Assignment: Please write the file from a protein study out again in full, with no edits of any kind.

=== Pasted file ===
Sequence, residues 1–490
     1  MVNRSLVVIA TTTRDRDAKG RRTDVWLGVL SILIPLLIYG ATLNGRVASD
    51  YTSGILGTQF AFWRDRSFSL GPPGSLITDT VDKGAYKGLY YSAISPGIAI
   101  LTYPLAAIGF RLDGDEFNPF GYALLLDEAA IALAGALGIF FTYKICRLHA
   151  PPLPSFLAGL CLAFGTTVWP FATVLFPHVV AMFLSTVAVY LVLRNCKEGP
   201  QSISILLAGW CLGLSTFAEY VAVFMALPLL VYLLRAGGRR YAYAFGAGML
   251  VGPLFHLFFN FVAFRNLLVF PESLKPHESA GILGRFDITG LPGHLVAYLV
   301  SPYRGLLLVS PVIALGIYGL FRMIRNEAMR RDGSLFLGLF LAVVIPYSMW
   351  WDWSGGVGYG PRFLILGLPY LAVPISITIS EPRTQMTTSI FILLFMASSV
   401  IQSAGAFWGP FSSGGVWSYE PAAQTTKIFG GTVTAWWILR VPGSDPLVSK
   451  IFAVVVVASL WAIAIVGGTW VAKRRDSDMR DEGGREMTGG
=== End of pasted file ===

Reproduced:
Sequence, residues 1–490
     1  MVNRSLVVIA TTTRDRDAKG RRTDVWLGVL SILIPLLIYG ATLNGRVASD
    51  YTSGILGTQF AFWRDRSFSL GPPGSLITDT VDKGAYKGLY YSAISPGIAI
   101  LTYPLAAIGF RLDGDEFNPF GYALLLDEAA IALAGALGIF FTYKICRLHA
   151  PPLPSFLAGL CLAFGTTVWP FATVLFPHVV AMFLSTVAVY LVLRNCKEGP
   201  QSISILLAGW CLGLSTFAEY VAVFMALPLL VYLLRAGGRR YAYAFGAGML
   251  VGPLFHLFFN FVAFRNLLVF PESLKPHESA GILGRFDITG LPGHLVAYLV
   301  SPYRGLLLVS PVIALGIYGL FRMIRNEAMR RDGSLFLGLF LAVVIPYSMW
   351  WDWSGGVGYG PRFLILGLPY LAVPISITIS EPRTQMTTSI FILLFMASSV
   401  IQSAGAFWGP FSSGGVWSYE PAAQTTKIFG GTVTAWWILR VPGSDPLVSK
   451  IFAVVVVASL WAIAIVGGTW VAKRRDSDMR DEGGREMTGG